Community Should Rally Behind Local Pharmacies

By State Rep. Mike Sanders

In November, the residents of Countrywood Assisted Living and their families were informed by Donna Crabtree, the Regional Director of parent company Meridian Senior Living, that a closed pharmacy called Sequoia Pharmacy will be the preferred pharmacy for the center. A closed pharmacy provides services exclusively to nursing homes, assisted living centers and hospitals rather than being open to the general public.

Residents could continue to use their current local pharmacists, but only if they agreed to an additional $150 on their monthly bill. They were given less than two weeks to decide. Prescription Medicare Part D plan changes were due Dec. 7, adding further complexity to their decision.

To my knowledge, only two meetings were held at the center about this change. At the first meeting when asked how the $150 charge would be spent, Crabtree did not give an answer. At the second meeting, she said it would be pay for a medicine cart and additional staff training. She stressed that Sequoia would offer the center quarterly audits, medication reviews and special instructions for administering medication. Local pharmacies already provide these services.

From where I stand, the $150 monthly charge is punitive and meant to ensure patients do not use local pharmacies. Assisted living centers often have a clause in their contracts with residents that states their policy regarding the use of a closed or preferred pharmacy and the fee for non-participating residents. At this time, Countrywood does not have this clause in their contract and having Meridian Senior Living strong-arming residents to now pay a “pharmacy penalty” would appear to be inappropriate at best and potentially illegal.

There are six local pharmacies in Kingfisher County – four in Kingfisher, one in Hennessey and one in Okarche. Not one of these pharmacies was contacted regarding the change nor offered the opportunity to bid on the contract. Crabtree did not produce the names or bids of other closed pharmacies she claimed to have contacted. Kingfisher County is blessed to have knowledgeable, experienced pharmacists with one goal in mind, to provide the best care, advice and treatment to their customers. Sequoia may have knowledge and competency, but they don’t have the connections or the resources local pharmacies have here.

Crabtree was asked several pointed questions meant to contrast the quality of service between local pharmacies and Sequoia. Could Sequoia deliver emergency medications within 45 minutes of receiving an order? Now, I have been known to exceed the speed limit from time to time, but I think you would agree that a trip from a business located in the general vicinity of Will Rogers World Airport to Kingfisher in 45 minutes is quite difficult on its own even without factoring in the time it would take to process and package a medication. Local pharmacies deliver new medicines immediately after receiving and processing and order in less than 20 minutes. If an order was placed at 2 a.m., when would Sequoia deliver it? Residents would receive the medication from Sequoia on the following day. Local pharmacies can provide medications to the center at 2:30 a.m., if necessary. Advice regarding medications? Sequoia gives advice monthly whereas local pharmacies are available 24 hours, 7 days a week.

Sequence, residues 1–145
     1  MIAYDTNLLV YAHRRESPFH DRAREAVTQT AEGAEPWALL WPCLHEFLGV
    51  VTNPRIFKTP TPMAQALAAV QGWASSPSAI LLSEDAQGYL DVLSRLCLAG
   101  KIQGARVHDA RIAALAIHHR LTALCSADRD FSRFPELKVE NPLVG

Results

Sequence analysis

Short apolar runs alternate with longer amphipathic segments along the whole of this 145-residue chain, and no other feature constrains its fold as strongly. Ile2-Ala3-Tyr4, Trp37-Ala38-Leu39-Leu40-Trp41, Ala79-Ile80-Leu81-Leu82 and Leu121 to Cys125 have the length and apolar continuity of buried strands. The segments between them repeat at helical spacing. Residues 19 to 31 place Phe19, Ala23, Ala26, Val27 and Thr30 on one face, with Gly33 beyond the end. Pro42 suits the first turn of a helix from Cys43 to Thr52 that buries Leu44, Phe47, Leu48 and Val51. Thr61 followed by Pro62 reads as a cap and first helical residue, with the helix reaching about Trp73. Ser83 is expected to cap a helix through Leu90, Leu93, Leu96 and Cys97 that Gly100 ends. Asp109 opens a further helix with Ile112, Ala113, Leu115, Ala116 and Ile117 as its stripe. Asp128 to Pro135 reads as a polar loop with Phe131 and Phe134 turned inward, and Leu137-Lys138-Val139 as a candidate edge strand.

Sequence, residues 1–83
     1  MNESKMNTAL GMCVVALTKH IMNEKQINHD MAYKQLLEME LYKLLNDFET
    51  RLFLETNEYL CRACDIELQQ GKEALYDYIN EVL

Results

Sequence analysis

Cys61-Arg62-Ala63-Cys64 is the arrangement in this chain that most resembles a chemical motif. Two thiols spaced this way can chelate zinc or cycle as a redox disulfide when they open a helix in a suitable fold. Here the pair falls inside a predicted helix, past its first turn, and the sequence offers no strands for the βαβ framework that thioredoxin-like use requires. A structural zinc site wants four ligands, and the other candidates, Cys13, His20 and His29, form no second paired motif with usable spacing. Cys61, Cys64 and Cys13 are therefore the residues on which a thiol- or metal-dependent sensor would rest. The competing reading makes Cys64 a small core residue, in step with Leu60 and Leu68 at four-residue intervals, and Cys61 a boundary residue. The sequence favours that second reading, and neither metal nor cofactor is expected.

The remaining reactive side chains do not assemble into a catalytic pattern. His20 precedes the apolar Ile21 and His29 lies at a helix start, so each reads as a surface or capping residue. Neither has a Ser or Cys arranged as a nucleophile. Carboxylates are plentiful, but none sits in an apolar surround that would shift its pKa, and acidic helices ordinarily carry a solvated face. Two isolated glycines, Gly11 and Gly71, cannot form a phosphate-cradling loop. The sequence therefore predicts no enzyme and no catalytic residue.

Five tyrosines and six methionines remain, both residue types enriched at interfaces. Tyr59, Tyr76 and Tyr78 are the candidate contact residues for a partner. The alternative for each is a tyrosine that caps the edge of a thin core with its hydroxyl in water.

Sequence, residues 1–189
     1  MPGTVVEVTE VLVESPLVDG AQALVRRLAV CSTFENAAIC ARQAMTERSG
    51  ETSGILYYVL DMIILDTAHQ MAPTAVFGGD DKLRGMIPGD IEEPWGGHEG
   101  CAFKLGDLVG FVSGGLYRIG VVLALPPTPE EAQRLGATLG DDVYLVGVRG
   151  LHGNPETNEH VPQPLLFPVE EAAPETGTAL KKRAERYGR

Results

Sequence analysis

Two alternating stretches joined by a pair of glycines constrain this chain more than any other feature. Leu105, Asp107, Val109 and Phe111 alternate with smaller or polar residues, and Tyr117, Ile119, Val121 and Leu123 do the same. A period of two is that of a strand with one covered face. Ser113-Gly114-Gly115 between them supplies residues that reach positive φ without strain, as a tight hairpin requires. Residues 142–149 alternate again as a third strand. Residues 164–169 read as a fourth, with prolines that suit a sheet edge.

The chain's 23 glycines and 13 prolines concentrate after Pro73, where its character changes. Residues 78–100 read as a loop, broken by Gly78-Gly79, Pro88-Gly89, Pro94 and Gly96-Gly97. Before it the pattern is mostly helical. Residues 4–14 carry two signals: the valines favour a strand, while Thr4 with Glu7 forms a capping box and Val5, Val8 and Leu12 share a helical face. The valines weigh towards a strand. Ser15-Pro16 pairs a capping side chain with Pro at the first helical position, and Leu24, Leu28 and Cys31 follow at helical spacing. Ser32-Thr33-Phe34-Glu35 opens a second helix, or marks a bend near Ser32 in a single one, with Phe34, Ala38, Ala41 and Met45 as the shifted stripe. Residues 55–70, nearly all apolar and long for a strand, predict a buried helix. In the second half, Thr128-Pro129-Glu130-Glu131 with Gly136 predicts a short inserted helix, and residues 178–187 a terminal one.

I think this is another example of undercutting small, rural pharmacists, ultimately reducing access to health care and taking dollars out of our local economy. This is a continuing trend toward the “socialized medicine” approach that consolidates health care services of all kinds down to a few large providers that can be managed by the government, insurance companies and drug companies with greater ease. From what constituents and the residents of long-term care facilities tell me, this is not what the people want.

I would encourage all Kingfisher residents to contact Donna Crabtree to voice your concern. She is available at (936) 645-4550 or

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